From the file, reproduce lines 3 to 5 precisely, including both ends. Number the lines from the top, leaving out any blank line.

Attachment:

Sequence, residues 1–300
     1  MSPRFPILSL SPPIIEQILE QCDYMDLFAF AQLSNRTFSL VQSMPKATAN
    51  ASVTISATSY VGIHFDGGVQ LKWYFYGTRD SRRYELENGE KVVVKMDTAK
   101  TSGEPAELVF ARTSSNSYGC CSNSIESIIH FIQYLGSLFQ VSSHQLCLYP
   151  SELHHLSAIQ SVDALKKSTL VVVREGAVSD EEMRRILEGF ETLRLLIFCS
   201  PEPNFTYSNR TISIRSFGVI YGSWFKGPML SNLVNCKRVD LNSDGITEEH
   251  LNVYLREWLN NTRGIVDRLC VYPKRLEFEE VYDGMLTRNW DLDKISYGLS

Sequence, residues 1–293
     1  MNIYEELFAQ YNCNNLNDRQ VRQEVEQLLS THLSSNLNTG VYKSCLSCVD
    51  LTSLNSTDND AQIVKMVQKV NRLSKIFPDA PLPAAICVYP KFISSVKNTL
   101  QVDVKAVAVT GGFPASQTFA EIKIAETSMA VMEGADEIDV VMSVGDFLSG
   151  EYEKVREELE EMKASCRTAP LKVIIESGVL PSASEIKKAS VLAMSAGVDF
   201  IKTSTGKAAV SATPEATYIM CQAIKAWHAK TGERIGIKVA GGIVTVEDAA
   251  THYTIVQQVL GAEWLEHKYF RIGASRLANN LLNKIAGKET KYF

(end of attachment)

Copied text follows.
    51  ASVTISATSY VGIHFDGGVQ LKWYFYGTRD SRRYELENGE KVVVKMDTAK
   101  TSGEPAELVF ARTSSNSYGC CSNSIESIIH FIQYLGSLFQ VSSHQLCLYP
   151  SELHHLSAIQ SVDALKKSTL VVVREGAVSD EEMRRILEGF ETLRLLIFCS